Job Prospects... At a glance
Entry for graduates into this occupation is difficult and initial income is low in relation to the high cost of training. Although experienced commercial pilots command high incomes and have good job opportunities, the work is demanding.
There are two main groups in this occupation: fixed-wing aircraft and helicopter pilots who fly and navigate aircraft; and flying instructors who instruct students in flying aircraft. Both require extensive training.
The Civil Aviation Authority (CAA) requires these occupations to hold particular aviation licences.
According to the latest information from the New Zealand and Australian online job ads, some of the top skills employers look for include:
Source: Burning Glass Technologies’ Labor Insight™ Real-time Labor Market Information tool
To become a fixed-wing commercial aeroplane or helicopter pilot you need a Commercial Pilot Licence. To get this you must:
Helicopter pilots require additional study on topics such as the principles of helicopter flight.
|Graduate Diploma in Aviation|
|$46,800 over one year|
Average costs in 2018 for a domestic student. Costs vary between institutions. First time students may be eligible for fees-free tertiary education for their first year of study, which will reduce the total cost. For more information about fees-free eligibility, go to feesfree.govt.nz. Some polytechnics may have a zero-fees scheme. Further costs include materials, textbooks, and accommodation.
Rents vary from place to place. Estimated market rents by region, city and suburb are available on the MBIE Tenancy Services website.
The StudyLink website provides general budget advice for students, and the Sorted website provides help with detailed budget planning.
A variety of flight training organisations offer training as a pilot or instructor. These are outlined on the Careers New Zealand website. Massey University also offers flight training as part of a university undergraduate degree under a special Equivalence Approval from CAA.
There was an decrease in the number of students who completed aircraft operation qualifications in 2016.
Qualification completions chart
Source: Ministry of Education
In 2017, the average income for pilots was estimated to be $113,500.
|Estimated Average Income|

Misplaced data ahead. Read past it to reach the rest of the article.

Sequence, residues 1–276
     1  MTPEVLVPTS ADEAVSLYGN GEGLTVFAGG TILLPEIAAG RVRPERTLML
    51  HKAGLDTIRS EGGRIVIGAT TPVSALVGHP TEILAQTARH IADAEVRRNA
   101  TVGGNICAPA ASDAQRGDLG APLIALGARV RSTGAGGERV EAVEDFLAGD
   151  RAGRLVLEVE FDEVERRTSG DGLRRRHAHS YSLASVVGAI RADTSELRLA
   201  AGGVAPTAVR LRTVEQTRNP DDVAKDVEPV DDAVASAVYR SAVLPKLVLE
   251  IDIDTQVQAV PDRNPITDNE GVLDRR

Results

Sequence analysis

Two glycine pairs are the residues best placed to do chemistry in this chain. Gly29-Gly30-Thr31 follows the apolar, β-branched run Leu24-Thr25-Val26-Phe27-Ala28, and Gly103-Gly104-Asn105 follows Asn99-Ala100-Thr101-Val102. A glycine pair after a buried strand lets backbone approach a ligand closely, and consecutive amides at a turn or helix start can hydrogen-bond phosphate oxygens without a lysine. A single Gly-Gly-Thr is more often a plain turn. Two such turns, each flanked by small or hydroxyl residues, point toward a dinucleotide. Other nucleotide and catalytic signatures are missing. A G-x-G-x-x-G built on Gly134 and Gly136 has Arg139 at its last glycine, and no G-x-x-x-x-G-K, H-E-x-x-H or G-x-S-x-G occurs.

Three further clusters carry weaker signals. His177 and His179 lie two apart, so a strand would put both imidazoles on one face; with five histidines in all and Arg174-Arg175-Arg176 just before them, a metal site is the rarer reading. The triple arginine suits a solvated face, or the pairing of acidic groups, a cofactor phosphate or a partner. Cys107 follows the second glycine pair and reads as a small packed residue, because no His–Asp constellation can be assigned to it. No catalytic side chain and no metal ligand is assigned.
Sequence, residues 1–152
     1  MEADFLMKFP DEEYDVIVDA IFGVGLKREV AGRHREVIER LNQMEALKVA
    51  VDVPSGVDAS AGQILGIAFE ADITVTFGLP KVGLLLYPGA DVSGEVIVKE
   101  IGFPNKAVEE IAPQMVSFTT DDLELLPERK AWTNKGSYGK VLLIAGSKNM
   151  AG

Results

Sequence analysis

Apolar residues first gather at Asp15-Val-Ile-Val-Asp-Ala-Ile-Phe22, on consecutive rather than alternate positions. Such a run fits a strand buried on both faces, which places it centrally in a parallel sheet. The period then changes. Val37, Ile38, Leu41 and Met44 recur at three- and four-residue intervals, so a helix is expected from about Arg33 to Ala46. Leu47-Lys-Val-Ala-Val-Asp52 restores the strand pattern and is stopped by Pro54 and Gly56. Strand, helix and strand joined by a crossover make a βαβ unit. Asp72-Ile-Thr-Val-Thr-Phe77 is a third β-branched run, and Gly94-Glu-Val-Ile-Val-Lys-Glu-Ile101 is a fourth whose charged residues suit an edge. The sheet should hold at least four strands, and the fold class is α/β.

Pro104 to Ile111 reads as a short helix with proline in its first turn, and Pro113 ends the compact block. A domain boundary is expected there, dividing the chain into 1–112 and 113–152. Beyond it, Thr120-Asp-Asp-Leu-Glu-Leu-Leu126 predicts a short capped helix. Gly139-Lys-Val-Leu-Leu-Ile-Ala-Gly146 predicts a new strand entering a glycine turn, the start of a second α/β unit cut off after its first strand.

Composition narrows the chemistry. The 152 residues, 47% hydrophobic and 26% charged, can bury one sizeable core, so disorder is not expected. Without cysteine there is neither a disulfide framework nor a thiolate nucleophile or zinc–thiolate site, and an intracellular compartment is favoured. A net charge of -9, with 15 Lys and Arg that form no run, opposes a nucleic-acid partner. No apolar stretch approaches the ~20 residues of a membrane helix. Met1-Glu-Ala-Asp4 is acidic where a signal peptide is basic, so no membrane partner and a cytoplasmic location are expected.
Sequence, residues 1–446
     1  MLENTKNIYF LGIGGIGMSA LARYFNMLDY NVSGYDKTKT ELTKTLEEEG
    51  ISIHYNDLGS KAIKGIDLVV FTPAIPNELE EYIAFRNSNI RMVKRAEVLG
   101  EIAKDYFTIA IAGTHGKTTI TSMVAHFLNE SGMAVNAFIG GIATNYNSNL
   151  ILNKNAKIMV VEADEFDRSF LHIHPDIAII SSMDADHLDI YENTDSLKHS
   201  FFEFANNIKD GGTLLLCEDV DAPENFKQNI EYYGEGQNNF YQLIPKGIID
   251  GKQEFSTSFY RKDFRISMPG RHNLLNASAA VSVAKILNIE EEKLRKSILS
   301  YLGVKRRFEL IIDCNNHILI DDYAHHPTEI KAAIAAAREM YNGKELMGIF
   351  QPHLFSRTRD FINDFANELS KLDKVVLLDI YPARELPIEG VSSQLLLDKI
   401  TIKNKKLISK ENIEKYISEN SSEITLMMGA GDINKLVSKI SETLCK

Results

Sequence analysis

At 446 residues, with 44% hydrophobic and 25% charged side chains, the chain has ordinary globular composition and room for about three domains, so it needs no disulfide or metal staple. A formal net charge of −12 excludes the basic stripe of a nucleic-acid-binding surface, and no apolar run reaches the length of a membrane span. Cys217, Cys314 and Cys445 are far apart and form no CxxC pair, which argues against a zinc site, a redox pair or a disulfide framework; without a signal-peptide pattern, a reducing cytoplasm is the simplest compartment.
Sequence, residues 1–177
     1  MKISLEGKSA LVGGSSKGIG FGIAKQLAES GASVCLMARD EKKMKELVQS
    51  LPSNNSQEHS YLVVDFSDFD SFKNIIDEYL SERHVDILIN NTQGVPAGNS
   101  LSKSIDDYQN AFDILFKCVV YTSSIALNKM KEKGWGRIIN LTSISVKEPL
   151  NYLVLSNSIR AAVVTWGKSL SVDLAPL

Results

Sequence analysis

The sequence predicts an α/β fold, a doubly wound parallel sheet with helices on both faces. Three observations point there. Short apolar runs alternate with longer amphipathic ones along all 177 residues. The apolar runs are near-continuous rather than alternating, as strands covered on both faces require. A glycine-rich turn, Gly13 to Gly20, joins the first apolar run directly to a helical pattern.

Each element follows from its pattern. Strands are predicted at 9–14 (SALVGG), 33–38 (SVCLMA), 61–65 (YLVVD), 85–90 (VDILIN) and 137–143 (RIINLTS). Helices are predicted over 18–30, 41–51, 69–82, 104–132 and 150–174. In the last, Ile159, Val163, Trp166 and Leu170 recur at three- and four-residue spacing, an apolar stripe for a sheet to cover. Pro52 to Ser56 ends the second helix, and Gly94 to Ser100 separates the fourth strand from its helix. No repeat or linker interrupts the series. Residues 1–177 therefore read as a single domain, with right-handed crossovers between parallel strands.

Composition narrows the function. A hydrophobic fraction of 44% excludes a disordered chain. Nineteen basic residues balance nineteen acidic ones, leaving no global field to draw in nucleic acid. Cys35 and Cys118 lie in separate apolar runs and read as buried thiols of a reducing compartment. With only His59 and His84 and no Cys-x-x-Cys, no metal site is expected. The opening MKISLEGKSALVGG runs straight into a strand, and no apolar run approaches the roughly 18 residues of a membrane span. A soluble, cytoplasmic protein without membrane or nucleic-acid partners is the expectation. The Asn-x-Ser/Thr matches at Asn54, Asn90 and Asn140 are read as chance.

Source: MBIE estimates based on Statistics NZ Census and Labour Cost Index
A pilot’s income varies greatly depending on their experience; from about $40,000 a year for entry-level domestic first officers to over $300,000 for captains on international flights.
For helicopter pilots, income ranges from $40,000 to $100,000.
A flying instructor’s income varies depending on their qualifications and experience; from a C-Category flying instructor who can expect to earn about $28,000 to $30,000 a year, to A-Category instructors who can earn about $60,000 to $80,000, and possibly up to $100,000 after many years of work.
Many flight instructors are employed on casual and part-time contracts or are paid only for ‘flight hours’. This can lead to them being paid much less than $28,000 a year.
Source: Statistics NZ Census and MBIE projections. Percentages are compound annual growth rates.
*Growth projections are for the broader category “Air and Marine Transport Professionals”.
Employment of pilots increased by 1.6% from 2006 to 2013. Employment growth for the air and marine transport professionals is expected to continue at 1.0% each year until 2020, but fall by 0.5% from then out to 2026.
The employment outlook for experienced airline and helicopter pilots is good, but entry is difficult and initial income is low in relation to the cost of training. Many pilots leave to work overseas, creating domestic opportunities for pilots. In addition, the workforce is ageing and retirement rates are likely to increase.
Source: Statistics NZ Census and MBIE projections
|Overseas||In further study||Receiving a benefit||In employment||Median Salary|
Source: Tertiary Education Commission
*Three years after completion of L5 or 6 Diploma - Aerospace Engineering & Technology.
Three years after completing a diploma in aerospace engineering and technology, most graduates were in employment or overseas, with a few in further study. The median salary was around $40,000 three years after graduating.
Pilots are not on Immigration New Zealand’s skill shortage lists.
Immigration NZ, skill shortage list: skillshortages.immigration.govt.nz
Pilot vacancies are advertised through public media such as the Trade Me Jobs and Seek websites.
Pilot roles require a substantial investment in education and training.
Entry-level pilot jobs earn modest incomes but there are high rewards and opportunities for experienced pilots. You need to greatly enjoy flying to progress and succeed in this work. Normally, airline pilots begin their career as flight instructors.
People with commercial pilot licences take at least three years to progress to operational flying roles in major companies. In the interim they build up hours flying for smaller operations or instructing other pilots.
Qualified pilots can work as scenic pilots, or as flying instructors (on the same type of planes learned on). Additional hours and/or qualifications are needed to fly a helicopter, or as an agricultural pilot, or to fly bigger types of aircraft such as turboprops or jet-engine planes.
The following occupations are related roles or alternative titles. Some of the roles may require a higher level of skill than entry-level pilots.
More information on pilots is available on the Careers New Zealand website.
Careers New Zealand: www.careers.govt.nz
The Australian New Zealand Standard Classification of Occupations (ANZSCO) is the official classification of occupations in New Zealand.
The occupation of pilots has been coded to the following ANZSCO codes for the purpose of this report:
2311 – Air Transport Professionals